knowing you were going to hit up that minute, I hadn't hawked, and I
don't think Hezzy and Nat had, either,--had ye, souls?'

'I hadn't got thorough ready, that's true,' said Hezekiah.

'Quite right of you, then, to speak,' said Mr. Torkingham. 'Don't
mind explaining; we are here for practice. Now clear your throats,
then, and at it again.'

There was a noise as of atmospheric hoes and scrapers, and the bass
contingent at last got under way with a time of its own:

'Honwerd, Christen sojers!'

'Ah, that's where we are so defective--the pronunciation,'
interrupted the parson. 'Now repeat after me: "On-ward, Christ-
ian, sol-diers."'

The choir repeated like an exaggerative echo: 'On-wed, Chris-ting,

'Better!' said the parson, in the strenuously sanguine tones of a
man who got his living by discovering a bright side in things where
it was not very perceptible to other people. 'But it should not be
given with quite so extreme an accent; or we may be called affected
by other parishes. And, Nathaniel Chapman, there's a jauntiness in
your manner of singing which is not quite becoming. Why don't you
sing more earnestly?'

'My conscience won't let me, sir. They say every man for himself:
but, thank God, I'm not so mean as to lessen old fokes' chances by
being earnest at my time o' life, and they so much nearer the need

'It's bad reasoning, Nat, I fear. Now, perhaps we had better sol-fa
the tune. Eyes on your books, please. Sol-sol! fa-fa! mi--'

'I can't sing like that, not I!' said Sammy Blore, with condemnatory
astonishment. 'I can sing genuine music, like F and G; but not
anything so much out of the order of nater as that.'

'Perhaps you've brought the wrong book, sir?' chimed in Haymoss,
kindly. 'I've knowed music early in life and late,--in short, ever
since Luke Sneap broke his new fiddle-bow in the wedding psalm, when
Pa'son Wilton brought home his bride (you can mind the time, Sammy?-
-when we sung "His wife, like a fair fertile vine, her lovely fruit
shall bring," when the young woman turned as red as a rose, not
knowing 'twas coming). I've knowed music ever since then, I say,
sir, and never heard the like o' that. Every martel note had his
name of A, B, C, at that time.'

'Yes, yes, men; but this is a more recent system!'

'Still, you can't alter a old-established note that's A or B by
nater,' rejoined Haymoss, with yet deeper conviction that Mr.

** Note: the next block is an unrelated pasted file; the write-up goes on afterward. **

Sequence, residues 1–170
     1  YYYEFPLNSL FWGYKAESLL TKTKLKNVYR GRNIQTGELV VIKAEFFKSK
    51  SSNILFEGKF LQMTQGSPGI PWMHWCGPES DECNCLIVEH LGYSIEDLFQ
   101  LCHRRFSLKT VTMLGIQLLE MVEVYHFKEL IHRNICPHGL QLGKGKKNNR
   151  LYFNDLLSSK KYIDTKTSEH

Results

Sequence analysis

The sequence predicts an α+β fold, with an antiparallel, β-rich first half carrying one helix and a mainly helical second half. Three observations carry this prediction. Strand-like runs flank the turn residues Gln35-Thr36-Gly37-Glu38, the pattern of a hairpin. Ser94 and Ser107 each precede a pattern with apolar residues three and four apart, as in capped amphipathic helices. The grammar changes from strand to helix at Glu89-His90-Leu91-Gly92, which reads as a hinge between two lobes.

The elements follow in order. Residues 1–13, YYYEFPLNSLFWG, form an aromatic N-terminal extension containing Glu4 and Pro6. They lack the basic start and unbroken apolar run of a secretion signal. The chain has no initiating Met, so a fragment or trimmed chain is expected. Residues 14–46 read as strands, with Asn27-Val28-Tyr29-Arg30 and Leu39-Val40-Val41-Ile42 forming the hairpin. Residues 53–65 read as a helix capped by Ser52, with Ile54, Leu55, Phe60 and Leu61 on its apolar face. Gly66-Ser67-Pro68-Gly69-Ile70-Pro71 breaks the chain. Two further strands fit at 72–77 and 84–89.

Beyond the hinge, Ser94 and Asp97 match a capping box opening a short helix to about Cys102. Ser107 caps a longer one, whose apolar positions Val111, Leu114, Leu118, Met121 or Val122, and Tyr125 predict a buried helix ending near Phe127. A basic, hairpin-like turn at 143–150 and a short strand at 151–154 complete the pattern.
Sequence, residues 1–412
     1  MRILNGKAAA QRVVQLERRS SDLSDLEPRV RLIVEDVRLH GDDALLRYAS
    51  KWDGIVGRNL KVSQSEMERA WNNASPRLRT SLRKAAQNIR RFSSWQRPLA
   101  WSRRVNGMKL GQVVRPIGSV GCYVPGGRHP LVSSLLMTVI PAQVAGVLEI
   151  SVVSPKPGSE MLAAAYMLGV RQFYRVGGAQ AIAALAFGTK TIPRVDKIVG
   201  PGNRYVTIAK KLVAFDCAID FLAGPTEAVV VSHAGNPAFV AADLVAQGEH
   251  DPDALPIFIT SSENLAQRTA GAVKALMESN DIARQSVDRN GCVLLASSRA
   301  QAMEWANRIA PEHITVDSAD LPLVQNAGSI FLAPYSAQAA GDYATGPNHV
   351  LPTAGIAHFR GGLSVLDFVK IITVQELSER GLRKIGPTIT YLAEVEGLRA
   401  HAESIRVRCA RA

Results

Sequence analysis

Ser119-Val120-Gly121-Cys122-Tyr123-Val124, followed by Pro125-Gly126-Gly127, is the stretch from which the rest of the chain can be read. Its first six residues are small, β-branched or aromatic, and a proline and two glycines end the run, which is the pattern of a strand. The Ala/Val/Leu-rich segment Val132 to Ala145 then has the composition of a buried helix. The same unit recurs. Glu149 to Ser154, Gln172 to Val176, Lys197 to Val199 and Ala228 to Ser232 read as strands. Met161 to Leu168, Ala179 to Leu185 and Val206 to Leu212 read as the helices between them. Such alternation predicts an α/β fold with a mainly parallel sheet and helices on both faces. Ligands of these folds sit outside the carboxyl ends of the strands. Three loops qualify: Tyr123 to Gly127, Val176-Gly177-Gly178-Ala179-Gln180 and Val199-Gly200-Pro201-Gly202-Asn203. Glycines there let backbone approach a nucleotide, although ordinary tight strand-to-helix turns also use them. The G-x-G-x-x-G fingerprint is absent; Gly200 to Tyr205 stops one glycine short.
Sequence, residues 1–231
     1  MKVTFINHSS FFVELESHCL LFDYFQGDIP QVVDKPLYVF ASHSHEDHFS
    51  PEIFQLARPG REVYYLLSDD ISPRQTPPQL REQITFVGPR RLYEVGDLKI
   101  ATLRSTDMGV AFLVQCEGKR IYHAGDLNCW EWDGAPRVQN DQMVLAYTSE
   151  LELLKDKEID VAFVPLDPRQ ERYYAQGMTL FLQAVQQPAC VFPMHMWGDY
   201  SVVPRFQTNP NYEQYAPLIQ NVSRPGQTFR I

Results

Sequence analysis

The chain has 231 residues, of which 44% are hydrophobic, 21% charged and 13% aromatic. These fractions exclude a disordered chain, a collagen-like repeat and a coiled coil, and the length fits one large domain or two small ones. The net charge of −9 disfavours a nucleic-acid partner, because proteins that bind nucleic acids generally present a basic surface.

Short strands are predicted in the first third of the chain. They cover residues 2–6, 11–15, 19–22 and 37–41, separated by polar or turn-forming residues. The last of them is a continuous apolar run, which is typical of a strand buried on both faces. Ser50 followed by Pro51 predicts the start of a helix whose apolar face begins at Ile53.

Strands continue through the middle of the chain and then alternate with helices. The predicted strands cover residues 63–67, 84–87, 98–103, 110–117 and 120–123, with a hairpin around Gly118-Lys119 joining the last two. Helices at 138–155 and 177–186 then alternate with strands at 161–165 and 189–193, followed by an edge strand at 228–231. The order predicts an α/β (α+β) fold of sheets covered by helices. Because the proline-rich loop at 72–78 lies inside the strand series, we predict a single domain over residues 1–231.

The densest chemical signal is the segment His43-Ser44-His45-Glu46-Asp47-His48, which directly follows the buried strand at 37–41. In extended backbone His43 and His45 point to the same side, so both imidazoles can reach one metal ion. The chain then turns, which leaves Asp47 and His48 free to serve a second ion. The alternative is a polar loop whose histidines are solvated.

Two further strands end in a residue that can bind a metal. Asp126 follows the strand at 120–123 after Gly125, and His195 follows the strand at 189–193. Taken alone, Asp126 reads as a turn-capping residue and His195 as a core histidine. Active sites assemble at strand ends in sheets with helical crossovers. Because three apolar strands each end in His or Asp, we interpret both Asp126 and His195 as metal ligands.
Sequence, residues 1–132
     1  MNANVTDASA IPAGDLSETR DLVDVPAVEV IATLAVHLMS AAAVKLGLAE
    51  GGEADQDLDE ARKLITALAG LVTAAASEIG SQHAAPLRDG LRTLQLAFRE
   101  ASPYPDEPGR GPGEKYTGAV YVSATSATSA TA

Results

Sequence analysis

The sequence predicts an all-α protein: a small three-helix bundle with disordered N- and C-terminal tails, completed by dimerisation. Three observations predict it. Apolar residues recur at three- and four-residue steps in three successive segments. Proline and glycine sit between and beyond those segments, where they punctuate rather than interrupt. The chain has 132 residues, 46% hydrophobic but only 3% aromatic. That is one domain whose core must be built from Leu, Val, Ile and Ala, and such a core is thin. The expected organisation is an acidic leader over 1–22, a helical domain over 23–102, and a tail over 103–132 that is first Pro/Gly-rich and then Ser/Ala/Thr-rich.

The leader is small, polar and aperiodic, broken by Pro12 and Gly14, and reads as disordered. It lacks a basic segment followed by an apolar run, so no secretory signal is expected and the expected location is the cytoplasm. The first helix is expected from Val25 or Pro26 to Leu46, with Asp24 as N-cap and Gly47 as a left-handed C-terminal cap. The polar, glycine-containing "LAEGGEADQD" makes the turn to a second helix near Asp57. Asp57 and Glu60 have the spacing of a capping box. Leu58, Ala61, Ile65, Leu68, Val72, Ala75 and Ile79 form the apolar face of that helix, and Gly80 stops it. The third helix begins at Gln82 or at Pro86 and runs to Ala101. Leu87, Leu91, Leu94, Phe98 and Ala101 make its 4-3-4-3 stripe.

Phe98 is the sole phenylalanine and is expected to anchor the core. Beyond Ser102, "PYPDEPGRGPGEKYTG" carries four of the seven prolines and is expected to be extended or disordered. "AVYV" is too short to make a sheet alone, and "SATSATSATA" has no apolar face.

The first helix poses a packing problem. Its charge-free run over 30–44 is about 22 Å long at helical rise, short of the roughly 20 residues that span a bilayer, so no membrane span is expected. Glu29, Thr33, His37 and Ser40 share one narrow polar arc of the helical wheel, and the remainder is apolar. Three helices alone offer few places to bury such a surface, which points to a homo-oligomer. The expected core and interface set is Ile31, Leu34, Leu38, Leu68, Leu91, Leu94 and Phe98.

Torkingham was getting off his head. 'Now sound A, neighbour Sammy,
and let's have a slap at Christen sojers again, and show the Pa'son
the true way!'

Sammy produced a private tuning-fork, black and grimy, which, being
about seventy years of age, and wrought before pianoforte builders
had sent up the pitch to make their instruments brilliant, was
nearly a note flatter than the parson's. While an argument as to
the true pitch was in progress, there came a knocking without.

'Somebody's at the door!' said a little treble girl.

'Thought I heard a knock before!' said the relieved choir.

The latch was lifted, and a man asked from the darkness, 'Is Mr.
Torkingham here?'

'Yes, Mills. What do you want?'

It was the parson's man.

'Oh, if you please,' said Mills, showing an advanced margin of
himself round the door, 'Lady Constantine wants to see you very
particular, sir, and could you call on her after dinner, if you
ben't engaged with poor fokes? She's just had a letter,--so they
say,--and it's about that, I believe.'

Finding, on looking at his watch, that it was necessary to start at
once if he meant to see her that night, the parson cut short the
practising, and, naming another night for meeting, he withdrew. All
the singers assisted him on to his cob, and watched him till he
disappeared over the edge of the Bottom.


Mr. Torkingham trotted briskly onward to his house, a distance of
about a mile, each cottage, as it revealed its half-buried position
by its single light, appearing like a one-eyed night creature
watching him from an ambush. Leaving his horse at the parsonage he
performed the remainder of the journey on foot, crossing the park
towards Welland House by a stile and path, till he struck into the
drive near the north door of the mansion.

This drive, it may be remarked, was also the common highway to the
lower village, and hence Lady Constantine's residence and park, as
is occasionally the case with old-fashioned manors, possessed none
of the exclusiveness found in some aristocratic settlements. The
parishioners looked upon the park avenue as their natural
thoroughfare, particularly for christenings, weddings, and funerals,